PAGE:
A Western Alaska lawmaker says place-based education is working.
Representative Reggie Joule, a Kotzebue Democrat, told Juneau’s Native Issues Forum today that the approach makes sense.
Theme- or place-based education teaches traditional subjects using students’ frames of reference.
Joule cited a math class he and other lawmakers visited last year at Barrow’s high school.
“The issue they were working around was height, distance and time. The problem that they were solving was in throwing a harpoon in which you hunt the whales with. What’s the time it takes to reach a certain point? What’s the time it takes to come down? What’s the distance? Those kids were into it big time,” he says.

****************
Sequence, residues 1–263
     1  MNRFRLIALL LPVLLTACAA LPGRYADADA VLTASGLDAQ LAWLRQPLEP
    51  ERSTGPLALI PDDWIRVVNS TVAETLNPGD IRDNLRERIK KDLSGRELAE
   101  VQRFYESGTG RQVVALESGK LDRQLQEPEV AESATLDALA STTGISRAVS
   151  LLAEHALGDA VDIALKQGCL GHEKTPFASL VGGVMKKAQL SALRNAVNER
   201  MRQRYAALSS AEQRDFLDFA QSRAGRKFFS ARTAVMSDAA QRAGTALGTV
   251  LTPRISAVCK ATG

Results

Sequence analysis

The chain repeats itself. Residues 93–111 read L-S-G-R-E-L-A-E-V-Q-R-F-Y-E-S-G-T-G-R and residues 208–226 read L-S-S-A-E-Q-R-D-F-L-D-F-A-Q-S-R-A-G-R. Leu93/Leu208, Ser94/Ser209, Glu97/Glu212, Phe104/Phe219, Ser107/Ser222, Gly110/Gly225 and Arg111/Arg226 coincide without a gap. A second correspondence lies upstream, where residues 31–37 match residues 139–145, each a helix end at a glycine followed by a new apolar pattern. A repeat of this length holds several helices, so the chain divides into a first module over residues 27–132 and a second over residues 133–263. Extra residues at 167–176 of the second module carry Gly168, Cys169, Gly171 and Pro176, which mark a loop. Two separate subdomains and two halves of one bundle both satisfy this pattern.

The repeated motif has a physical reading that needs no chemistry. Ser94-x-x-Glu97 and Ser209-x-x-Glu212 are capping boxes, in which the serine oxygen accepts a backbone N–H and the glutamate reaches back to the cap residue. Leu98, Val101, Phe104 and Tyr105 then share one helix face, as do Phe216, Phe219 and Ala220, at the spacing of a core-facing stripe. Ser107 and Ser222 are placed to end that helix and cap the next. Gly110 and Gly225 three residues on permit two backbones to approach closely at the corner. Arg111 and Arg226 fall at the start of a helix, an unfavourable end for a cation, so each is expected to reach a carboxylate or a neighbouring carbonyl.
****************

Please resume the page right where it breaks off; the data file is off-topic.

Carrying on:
Middle-schoolers compared the density of whale meat and blubber. And elementary students worked on kuspuk, or parka, designs.
Joule says those students were also very engaged in their classes.
“We put some money out there for a pilot project that’s taking place in the Iditarod Area School District. Because their board’s vision was to be, and to deliver to students, relevant education without losing the expectations and standards of what the education community needed to have,” he says.
Other Alaska schools use the technique. A legislative task force last year recommended more schools try place- or theme-based education.
Link to the final recommendations from the Alaska Legislative Task Force on Theme-Based Education.